Thursday, March 31, 2005

American Embassy = 5th Circle of Hell

Well, I did it. I went to the Embassy to get some paperwork notarized. What would have taken me ten minutes in the US took me three hours and $30 bucks and not a little tension

Since the Embassy only "helps" folks from 9-12, I showed up at 10 am. I walked up to the first of the machine gun wielding, sun glasses wearing, gum chomping guards and smiled politely and showed my passport, then joined the queue. He was wearing a quasi-mechanics/astronaut jumpsuit, bristling with communication devices and badges, acting all bouncer-y, workin' the velvet security rope. I was third in line. I stood there for twenty minutes while the two folks ahead of me got searched and patted down before being let through.

I, being in a good mood on a sunny yet brisk day, quipped, "There better be DAMN good drinks and music in there for me to wait this long behind your velvet ropes."

He smiled as much as an Embassy guard is allowed, which isn't much, and after another 10 minutes, waved me thru. I got searched, patted (woo!) and generally felt up by another guard. I will admit these guys were cute for jarheads. Maybe they do that on purpose. I ahve never seen an ugly guard at the Embassy.

After that, I got to wait in yet another line, this time on the other side of the bob-wired, fenced and security camera'ed building. You have to wait outside until they let you in, in one of two lines. One is for non-Americans seeking Visas, the other for Americans. I felt rather VIP in this line, as the Americans get let in first, but the 10 or so non-Americans in the other line stood and glowered at me the whole time. Ah well, screw them, my taxes paid for this neo-Nazi bullshit anyhow, so they can bite me if they don't like it.

(Though I did feel sorry for them after I saw the requirements for a visa, including, but not limited to: interview, background check, proof of financial viabilty, proof of income, proof of employment, detailed travel plans, any police or criminal records, a number of annoying forms and a few copies of pictures, birth certificates, etc. A two month wait for approval, and you too can go to Disneyland. If you meet anyone who is a tourist in the US, be REAL nice to them, for they have been thru hell to get to our fair land.)

Another 10 minutes there and I got into the building. Yet another bag search, more thorough this time, plus a swab for explosives, then I had to check my bag. Finally I was in the queue for the notary public services.

The tension in the room was palpable. No one was happy. Before me was a mother trying to get a renewed passport for her young son. She was obviously getting annoyed, and the woman behind the thick glass partition had that smug bureaucratic look about her, that said that she was going to follow the rules no matter what, like it or lump it. The mother started yelling. Loud.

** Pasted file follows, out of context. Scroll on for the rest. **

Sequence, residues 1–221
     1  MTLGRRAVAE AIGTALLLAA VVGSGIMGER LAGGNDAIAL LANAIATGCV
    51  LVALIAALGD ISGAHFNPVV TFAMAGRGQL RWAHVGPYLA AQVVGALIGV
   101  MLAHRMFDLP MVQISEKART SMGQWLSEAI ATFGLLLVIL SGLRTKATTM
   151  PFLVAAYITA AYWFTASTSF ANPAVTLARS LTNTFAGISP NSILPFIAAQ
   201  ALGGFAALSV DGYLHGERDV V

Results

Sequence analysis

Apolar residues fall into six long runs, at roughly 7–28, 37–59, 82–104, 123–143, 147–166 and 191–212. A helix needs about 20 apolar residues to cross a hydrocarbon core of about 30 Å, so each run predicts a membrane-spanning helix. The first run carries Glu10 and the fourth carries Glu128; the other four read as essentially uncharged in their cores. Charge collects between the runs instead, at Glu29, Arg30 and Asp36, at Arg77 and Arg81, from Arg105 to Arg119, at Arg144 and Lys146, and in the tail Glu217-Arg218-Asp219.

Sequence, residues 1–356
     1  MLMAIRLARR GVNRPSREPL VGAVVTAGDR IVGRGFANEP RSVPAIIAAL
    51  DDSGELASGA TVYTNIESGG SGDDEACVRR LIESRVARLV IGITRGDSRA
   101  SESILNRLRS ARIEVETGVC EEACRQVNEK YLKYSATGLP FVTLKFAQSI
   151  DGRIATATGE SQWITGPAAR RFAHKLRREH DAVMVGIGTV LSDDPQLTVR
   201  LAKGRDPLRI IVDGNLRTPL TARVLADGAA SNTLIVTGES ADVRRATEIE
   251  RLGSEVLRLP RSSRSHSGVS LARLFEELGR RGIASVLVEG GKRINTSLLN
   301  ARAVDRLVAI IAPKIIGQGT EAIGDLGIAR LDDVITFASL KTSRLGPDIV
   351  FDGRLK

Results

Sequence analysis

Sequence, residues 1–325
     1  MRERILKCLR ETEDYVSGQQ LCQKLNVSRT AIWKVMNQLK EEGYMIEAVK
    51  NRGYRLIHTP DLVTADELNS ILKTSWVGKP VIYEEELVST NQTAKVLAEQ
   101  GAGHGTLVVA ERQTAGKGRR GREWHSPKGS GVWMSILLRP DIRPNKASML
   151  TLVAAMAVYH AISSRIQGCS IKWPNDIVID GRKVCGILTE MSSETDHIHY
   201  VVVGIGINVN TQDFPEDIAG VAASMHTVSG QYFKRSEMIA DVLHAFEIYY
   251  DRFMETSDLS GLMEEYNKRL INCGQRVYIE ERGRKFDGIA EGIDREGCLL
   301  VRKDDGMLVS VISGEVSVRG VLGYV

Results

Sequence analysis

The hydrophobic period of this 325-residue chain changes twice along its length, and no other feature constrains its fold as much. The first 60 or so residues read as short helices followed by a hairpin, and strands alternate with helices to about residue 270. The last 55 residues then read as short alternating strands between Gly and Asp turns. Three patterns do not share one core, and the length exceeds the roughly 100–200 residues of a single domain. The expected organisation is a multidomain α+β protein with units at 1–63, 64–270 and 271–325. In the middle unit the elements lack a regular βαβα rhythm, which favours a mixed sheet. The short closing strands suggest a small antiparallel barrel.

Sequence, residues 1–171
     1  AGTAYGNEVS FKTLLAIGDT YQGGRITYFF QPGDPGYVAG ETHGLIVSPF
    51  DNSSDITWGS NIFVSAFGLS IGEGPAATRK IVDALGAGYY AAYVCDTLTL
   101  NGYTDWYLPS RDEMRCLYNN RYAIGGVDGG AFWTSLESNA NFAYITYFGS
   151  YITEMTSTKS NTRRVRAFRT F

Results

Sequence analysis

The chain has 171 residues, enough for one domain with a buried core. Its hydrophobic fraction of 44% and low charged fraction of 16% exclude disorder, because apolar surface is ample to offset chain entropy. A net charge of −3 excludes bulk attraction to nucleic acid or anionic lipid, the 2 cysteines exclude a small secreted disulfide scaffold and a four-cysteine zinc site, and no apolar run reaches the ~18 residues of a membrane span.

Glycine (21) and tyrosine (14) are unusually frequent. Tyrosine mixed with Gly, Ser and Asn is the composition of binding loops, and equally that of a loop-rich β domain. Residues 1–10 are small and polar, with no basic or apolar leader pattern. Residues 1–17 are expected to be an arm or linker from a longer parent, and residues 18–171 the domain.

Apparently she had been given an old form with outdated price and information for passport renewals. When she showed up with the money the form told her to bring, turns out it was wrong. The Embassy does not take credit cards or bank cards, and she did not have enough cash with her. This meant she would have to start all over. Through security again, more paperwork, the whole shebang. I felt for her. I really did. This was not her fault.

The woman behind the glass would not budge. She insisted on the extra $12. for the fees. Told the woman to go get more money! The irate mom started screaming that she was not leaving, that they could come drag her out, but it was their damned fault and they should waive the extra fees, as they did not know their asses from a hole in the ground. I was thinking "You go girl! But could you go in another line so I can get my crap done?"

Finally the people in line behind me told her they would lend her the extra money, and she could pay them back after. I would have done it myself, but I had only enough cash for my needs. She was mollified and lucky for me I got a different bureaucrat to work with.

She was pretty nice, though there was a scare about the name on the papers being a bit different from the name on my passport. I was getting worried there for a minute. I really was. I was not in the mood to go postal, though I guess I could have summoned up some rage fairly quickly by just breathing deeply in that rancid, angry room. Luckily I had photo proof to match both names, (I also offered blood and my first born, and actually got a smile!) and it got worked out.

They sent me to the cashiers window to pay, then back to the window to prove I'd paid and get the signature, then something else official, and then just a pin prick, no it really won't hurt, and then they brainwashed me and dragooned me into the military and now I am in Iraq, just kidding.

I have to admit, I pretty much laughed my way through the whole thing. How could I not? Absurdity hits my giggle button like nothing else, and folks, the US has become absurd. The irate lady had already let them know exactly how the rest of us felt, we all knew how ridiculous this experience was, and so I was able to just smirk my way through it. I smirk really well.

I hope, though, that it is the last time I have to go there. It's just too awful. I wonder what the Norwegian Embassy is like in the US?

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